WASHINGTON (CN) — In its second partisan dust-up this week, the Senate Judiciary Committee voted Thursday to advance two of the White House’s federal court nominees, one of whom only made it through the panel by the grace of Democrats’ slim majority.
The upper chamber’s legal panel has in recent weeks started tackling some of the Biden administration’s more controversial judicial appointments — much to the dismay of committee Republicans, who have urged their Democratic colleagues for more bipartisan consensus. Democrats had until recently been hamstrung by the absence California Senator Dianne Feinstein from the panel, whose return to Washington last month provided a crucial tie-breaking vote.
Feinstein’s ballot came in handy Thursday as the judiciary committee advanced the nomination of Ana de Alba, the White House’s pick to fill a vacancy on the Ninth Circuit U.S. Court of Appeals. The panel narrowly approved her appointment on an 11-10 vote, strictly along party lines.
De Alba, who was nominated to the Ninth Circuit in April, has served as a district judge in the Eastern District of California since 2022.
The jurist’s sentencing record proved to be an obstacle to Republican support for her appointment. Leading the charge was South Carolina Senator Lindsey Graham, the panel’s Republican ranking member, who had previously supported de Alba’s nomination to district court. Graham pointed to two of de Alba's decisions that he said were unnecessarily lenient.
In one case, de Alba instructed authorities to remove an ankle monitor from a man who had helped his brother hide from authorities after killing a police officer in 2018. Facing questions from Republican senators during her May confirmation hearing, de Alba explained that the perpetrator was already subject to a location-tracking device from U.S. Immigration and Customs Enforcement, rendering a second ankle monitor redundant.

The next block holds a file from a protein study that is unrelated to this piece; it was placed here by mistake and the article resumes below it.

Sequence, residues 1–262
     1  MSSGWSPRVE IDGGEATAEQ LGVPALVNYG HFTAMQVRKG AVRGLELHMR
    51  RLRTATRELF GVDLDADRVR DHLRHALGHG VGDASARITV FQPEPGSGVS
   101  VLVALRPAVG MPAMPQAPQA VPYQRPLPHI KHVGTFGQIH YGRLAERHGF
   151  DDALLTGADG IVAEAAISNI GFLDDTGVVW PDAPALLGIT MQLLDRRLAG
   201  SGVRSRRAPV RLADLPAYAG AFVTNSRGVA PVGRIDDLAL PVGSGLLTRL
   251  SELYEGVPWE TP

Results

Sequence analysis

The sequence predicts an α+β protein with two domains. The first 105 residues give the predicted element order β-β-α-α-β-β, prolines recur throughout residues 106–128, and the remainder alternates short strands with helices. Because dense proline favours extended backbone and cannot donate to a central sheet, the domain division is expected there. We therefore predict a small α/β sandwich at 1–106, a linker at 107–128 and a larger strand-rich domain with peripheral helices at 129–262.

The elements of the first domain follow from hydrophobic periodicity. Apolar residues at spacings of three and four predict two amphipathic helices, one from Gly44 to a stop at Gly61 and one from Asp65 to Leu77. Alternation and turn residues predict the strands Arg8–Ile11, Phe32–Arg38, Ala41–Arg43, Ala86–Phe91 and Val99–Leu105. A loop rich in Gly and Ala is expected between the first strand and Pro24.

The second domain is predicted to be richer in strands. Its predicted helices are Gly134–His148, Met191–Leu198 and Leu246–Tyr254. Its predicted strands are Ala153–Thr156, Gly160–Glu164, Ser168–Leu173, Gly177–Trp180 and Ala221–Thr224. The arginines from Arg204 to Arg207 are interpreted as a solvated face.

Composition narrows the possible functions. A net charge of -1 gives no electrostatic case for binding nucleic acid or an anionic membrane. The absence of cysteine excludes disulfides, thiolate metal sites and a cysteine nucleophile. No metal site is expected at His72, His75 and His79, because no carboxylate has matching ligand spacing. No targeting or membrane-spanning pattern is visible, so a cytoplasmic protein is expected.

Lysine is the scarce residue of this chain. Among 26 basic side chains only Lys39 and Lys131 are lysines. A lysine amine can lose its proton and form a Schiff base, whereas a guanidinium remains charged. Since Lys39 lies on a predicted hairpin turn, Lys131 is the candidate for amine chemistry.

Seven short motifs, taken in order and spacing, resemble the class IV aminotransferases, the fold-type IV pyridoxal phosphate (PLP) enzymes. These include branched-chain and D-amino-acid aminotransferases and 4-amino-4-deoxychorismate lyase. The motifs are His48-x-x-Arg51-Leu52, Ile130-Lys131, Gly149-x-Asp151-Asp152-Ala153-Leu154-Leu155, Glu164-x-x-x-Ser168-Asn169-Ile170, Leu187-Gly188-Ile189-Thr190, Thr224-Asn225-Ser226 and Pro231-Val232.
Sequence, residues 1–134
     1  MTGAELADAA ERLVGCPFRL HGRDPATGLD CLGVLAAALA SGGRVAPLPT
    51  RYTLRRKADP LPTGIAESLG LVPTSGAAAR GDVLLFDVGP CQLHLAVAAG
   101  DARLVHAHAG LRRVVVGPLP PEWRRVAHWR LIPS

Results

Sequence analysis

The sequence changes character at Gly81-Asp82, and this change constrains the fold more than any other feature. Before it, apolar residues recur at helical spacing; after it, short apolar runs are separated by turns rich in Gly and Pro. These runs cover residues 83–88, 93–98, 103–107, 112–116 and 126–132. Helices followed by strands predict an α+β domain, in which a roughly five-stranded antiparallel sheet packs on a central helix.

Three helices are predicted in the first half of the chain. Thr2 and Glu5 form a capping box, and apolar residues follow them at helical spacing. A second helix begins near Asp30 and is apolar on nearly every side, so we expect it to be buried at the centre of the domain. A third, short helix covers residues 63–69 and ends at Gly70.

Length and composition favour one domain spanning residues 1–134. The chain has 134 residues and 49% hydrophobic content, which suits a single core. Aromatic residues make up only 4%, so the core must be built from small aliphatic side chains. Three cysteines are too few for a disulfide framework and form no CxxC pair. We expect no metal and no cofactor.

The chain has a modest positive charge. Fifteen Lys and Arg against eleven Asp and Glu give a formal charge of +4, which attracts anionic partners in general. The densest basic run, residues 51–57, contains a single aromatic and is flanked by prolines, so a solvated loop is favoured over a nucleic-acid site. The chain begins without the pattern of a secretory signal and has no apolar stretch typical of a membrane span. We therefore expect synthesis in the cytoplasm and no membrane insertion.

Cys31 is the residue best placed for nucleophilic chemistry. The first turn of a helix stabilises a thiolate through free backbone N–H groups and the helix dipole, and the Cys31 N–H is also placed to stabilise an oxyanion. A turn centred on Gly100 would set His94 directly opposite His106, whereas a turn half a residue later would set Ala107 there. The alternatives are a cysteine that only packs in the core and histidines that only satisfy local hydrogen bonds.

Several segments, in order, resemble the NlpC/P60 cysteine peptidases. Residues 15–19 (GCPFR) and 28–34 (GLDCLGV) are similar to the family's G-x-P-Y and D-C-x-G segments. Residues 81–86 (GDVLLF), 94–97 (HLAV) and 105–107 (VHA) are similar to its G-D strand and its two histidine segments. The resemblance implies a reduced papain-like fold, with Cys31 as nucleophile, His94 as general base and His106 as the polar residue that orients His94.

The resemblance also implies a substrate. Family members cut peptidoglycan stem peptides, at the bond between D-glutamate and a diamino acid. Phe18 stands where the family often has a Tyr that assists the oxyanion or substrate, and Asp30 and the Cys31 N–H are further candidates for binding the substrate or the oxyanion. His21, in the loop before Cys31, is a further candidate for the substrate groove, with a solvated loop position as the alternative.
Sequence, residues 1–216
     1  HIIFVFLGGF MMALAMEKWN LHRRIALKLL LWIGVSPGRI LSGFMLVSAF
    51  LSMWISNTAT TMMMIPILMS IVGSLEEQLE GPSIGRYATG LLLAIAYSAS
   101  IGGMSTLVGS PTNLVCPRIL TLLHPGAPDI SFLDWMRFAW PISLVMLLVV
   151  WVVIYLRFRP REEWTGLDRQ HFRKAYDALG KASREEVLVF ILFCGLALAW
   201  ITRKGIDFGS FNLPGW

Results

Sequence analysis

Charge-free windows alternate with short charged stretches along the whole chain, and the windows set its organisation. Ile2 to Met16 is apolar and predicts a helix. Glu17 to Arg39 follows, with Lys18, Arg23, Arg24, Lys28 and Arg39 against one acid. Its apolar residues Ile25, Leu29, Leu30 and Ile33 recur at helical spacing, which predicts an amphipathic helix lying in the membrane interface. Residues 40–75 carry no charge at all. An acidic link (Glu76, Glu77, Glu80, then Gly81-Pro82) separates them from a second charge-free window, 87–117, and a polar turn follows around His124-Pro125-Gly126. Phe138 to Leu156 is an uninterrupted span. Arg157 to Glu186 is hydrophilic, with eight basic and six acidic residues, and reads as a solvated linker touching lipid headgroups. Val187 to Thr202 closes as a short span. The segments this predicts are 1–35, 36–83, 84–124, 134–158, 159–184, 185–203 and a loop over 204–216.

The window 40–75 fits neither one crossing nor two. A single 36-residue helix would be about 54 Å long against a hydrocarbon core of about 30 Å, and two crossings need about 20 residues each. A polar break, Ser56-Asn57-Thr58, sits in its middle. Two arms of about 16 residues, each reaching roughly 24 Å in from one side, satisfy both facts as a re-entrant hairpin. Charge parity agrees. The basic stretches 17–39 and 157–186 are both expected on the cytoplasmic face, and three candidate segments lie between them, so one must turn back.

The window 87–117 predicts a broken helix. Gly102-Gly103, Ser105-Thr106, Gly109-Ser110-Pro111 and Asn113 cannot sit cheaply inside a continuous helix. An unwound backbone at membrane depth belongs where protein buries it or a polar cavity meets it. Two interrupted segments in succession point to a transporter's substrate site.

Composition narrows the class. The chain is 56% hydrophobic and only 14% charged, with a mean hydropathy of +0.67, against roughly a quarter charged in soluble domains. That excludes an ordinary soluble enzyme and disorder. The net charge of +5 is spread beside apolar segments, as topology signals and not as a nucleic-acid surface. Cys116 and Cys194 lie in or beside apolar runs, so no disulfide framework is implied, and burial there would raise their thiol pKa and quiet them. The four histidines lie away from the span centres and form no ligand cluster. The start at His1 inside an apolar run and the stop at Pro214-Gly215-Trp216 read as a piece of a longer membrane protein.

Republicans also took issue with what they framed as a lax sentence for a man convicted of distributing child pornography. Lawmakers noted that the U.S. parole office recommended nine years in a presentencing report, whereas de Alba sentenced the offender to 5 1/2 years in prison. The jurist has contended that the parole office’s report is just one factor she must consider when sentencing an offender.
De Alba’s appointment now heads to the Senate floor, where the full chamber will vote to confirm her to the Ninth Circuit. Carl Tobias, chair of the University of Richmond School of Law, said Thursday that he believes the upper chamber will confirm de Alba despite her near miss in committee.
Meanwhile Thursday, the judiciary committee resoundingly approved the nomination of Irma Carrillo Ramirez to the Fifth Circuit U.S. Court of Appeals. Ramirez’s appointment sailed through the panel on a voice vote, thanks largely to the support of Texas’ all-Republican Senate delegation. Missouri Senator Josh Hawley recorded the only vote against her.
Senator John Cornyn, who has already praised the White House for its cooperation, again held up Ramirez as a beacon of bipartisanship.
“This is the way the nomination process should work, with consultation with the White House,” the Texas Republican said. Cornyn thanked President Biden for allowing him, along with Senator Ted Cruz, to consult the Lone Star State’s federal judicial evaluation committee, which recommended Ramirez for the Fifth Circuit job.
Graham concurred. “I appreciate our colleagues Senators Cornyn and Cruz for working with the White House to get a circuit nominee that we can all live with,” he said.
A painless committee vote such as Ramirez’s has been somewhat rare under the Biden administration, Tobias noted. “She may be the only Biden appellate nominee to receive a voice vote in committee,” he said, “which means that nearly all 21 members found her candidacy so compelling that a roll call vote was unnecessary.”
Tobias projected that the full Senate could confirm Ramirez on a voice vote, save for any Republican objections on the floor.
As of Thursday afternoon, neither Ramirez or de Alba’s nominations had been scheduled for a floor vote.Follow @@BenjaminSWeiss
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